New home and car park next to historic Rother church dismissed at appeal

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A planning inspector has refused an appeal connected to plans to build a new car park for a Grade II* listed church. 

In a decision notice published last Friday (February 11), a planning inspector dismissed an appeal surrounding a development connected to St Mary Magdalen Church in Whatlington.

The proposal was for a new car park to built off of Whatlington Road to serve the church, which would have been funded through the construction of a residential property on the same site. 

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The original application had been refused by a Rother District Council planning committee in June 2020, on the grounds it would have a negative impact on both the High Weald Area of Outstanding Natural Beauty (AONB) and the listed church. 

St Mary Magdalene Church in WhatlingtonSt Mary Magdalene Church in Whatlington
St Mary Magdalene Church in Whatlington

The applicant disagreed with this assessment, however, lodging an appeal for a second opinion. The committee’s decision also saw criticism from a number of supporters and church parishioners, who argued the benefits of the proposal would outweigh its drawbacks.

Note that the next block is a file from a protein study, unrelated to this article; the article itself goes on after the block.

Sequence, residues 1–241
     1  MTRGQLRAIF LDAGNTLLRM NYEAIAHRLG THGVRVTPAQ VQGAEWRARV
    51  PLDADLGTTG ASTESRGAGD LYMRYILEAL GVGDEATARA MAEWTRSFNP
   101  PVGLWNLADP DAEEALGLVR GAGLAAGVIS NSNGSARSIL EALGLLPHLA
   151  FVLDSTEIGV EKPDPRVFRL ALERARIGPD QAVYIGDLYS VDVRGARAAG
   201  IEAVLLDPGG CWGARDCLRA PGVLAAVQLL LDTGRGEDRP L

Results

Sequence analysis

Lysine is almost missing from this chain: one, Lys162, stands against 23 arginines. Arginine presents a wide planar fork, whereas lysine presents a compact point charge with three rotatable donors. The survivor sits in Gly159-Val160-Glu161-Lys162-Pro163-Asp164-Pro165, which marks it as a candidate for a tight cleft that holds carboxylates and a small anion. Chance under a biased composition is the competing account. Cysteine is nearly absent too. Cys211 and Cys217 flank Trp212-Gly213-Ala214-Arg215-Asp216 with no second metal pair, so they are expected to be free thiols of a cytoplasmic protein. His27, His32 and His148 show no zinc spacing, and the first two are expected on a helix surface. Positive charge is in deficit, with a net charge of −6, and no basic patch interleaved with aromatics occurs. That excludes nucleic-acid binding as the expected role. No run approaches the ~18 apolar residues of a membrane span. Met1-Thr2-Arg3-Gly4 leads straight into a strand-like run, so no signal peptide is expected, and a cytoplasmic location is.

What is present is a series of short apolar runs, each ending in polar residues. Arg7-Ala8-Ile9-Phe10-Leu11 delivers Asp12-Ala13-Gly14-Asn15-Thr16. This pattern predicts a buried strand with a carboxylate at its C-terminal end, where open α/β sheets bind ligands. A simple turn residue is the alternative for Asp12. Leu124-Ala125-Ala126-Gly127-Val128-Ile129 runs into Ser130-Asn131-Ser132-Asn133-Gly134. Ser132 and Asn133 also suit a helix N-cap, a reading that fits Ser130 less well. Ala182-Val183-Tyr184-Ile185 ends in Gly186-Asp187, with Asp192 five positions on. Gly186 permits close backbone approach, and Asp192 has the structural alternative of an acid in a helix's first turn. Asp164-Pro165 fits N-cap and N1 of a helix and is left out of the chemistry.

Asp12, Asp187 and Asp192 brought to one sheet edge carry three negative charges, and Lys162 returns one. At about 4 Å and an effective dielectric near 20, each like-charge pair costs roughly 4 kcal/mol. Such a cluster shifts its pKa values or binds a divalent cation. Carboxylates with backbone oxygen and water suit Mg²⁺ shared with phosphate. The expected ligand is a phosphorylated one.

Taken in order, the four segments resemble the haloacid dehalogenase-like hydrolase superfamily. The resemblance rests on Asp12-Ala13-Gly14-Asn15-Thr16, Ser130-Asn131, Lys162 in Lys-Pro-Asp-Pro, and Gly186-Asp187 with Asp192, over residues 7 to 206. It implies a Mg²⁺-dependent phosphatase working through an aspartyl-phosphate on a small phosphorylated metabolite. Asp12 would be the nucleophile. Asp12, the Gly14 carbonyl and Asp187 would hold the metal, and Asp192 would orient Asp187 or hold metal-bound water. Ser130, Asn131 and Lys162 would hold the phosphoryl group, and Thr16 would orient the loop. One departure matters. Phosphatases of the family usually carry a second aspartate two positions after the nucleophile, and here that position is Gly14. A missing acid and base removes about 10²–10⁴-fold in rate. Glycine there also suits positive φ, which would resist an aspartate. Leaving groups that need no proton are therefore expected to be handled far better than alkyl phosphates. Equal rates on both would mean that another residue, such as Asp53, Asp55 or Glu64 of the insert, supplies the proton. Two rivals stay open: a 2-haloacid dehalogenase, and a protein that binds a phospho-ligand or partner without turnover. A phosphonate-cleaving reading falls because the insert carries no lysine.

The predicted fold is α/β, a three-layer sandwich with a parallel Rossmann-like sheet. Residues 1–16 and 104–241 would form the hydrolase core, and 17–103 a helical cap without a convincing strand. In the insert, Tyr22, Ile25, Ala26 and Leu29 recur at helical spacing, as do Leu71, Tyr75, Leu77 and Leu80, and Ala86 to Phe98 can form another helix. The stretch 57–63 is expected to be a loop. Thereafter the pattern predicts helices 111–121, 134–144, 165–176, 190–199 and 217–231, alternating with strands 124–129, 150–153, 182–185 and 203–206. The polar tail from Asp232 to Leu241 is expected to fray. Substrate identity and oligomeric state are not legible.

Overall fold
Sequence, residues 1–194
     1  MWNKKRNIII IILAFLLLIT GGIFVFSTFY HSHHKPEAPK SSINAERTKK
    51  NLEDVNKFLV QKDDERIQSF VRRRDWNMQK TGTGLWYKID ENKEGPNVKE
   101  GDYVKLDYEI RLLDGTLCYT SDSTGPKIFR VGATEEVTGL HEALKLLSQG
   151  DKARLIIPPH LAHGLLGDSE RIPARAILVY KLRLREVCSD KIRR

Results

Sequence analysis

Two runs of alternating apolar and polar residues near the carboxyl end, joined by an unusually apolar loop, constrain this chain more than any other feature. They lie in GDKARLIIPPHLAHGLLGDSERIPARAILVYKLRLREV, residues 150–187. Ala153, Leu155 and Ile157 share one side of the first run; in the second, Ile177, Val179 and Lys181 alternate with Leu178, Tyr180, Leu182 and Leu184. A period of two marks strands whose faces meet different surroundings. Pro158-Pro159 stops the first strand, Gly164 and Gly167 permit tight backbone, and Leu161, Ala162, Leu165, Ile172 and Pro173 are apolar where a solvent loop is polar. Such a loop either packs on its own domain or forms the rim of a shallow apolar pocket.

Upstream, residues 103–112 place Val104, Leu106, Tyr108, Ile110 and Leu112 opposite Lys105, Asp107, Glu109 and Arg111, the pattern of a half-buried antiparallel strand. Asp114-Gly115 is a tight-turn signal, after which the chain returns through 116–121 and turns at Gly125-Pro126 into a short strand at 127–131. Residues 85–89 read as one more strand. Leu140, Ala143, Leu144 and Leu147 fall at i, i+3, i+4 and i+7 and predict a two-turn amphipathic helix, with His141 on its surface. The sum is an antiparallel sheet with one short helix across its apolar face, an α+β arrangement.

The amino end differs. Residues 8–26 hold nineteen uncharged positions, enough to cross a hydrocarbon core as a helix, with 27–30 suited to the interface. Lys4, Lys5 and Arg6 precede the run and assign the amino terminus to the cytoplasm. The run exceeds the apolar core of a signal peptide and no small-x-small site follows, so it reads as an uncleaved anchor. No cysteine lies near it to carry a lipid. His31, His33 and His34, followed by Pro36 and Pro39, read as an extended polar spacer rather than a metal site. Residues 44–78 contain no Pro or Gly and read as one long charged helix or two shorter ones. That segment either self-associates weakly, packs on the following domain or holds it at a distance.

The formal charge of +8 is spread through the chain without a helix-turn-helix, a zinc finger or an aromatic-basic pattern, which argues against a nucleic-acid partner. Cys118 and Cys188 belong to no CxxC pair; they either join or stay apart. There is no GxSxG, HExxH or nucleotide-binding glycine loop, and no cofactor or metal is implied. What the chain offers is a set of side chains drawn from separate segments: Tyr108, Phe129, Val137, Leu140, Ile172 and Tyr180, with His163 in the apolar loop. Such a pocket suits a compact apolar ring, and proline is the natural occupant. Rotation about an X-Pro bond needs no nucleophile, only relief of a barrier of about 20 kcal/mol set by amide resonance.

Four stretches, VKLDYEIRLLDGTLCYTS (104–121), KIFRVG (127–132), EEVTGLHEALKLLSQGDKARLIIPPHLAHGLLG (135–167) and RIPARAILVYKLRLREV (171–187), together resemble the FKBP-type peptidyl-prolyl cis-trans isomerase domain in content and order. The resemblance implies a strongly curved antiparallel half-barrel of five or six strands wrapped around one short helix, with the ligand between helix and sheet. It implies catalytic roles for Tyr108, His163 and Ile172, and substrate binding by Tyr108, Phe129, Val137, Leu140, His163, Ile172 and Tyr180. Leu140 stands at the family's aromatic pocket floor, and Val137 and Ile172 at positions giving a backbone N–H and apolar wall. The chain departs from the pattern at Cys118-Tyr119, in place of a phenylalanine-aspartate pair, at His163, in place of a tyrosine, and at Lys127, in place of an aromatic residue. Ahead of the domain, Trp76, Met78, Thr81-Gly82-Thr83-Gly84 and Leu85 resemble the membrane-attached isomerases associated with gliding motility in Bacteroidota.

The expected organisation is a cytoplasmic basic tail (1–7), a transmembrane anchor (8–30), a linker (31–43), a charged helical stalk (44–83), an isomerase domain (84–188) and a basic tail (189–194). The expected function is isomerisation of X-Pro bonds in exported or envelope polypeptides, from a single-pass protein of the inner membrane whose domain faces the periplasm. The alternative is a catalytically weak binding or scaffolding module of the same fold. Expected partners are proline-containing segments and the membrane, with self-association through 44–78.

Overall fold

However, the planning inspector took the same view as councillors, concluding that the proposals would have an unacceptable impact on the AONB and listed church. 

In their decision notice, the inspector wrote: “This [development] would introduce highly urbanising features into what is currently not previously developed land. 

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“The appearance of the agricultural field would change in two ways: firstly from being open and un-developed to potentially having a four plus bedroom dwelling with associated domestic paraphernalia, and secondly the creation of an area of hardstanding in order to form 30 car parking spaces and associated turning or manoeuvring areas.

“I note that the visibility of the appeal site and the development proposed from the nearby footpaths would ‘generally be screened from view from a short distance’ and long-term views interrupted by intervening vegetation.

“However, the proposal would nonetheless introduce built development would represent a new encroachment of built form into the countryside. 

“This would be at odds with the intrinsic character and beauty of the field to the rural character of the area.” 

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The inspector also noted the views of supporters, but said they did not provide justification for the proposed development. 

For further details see application reference RR/2019/2758/P on the Rother District Council website.

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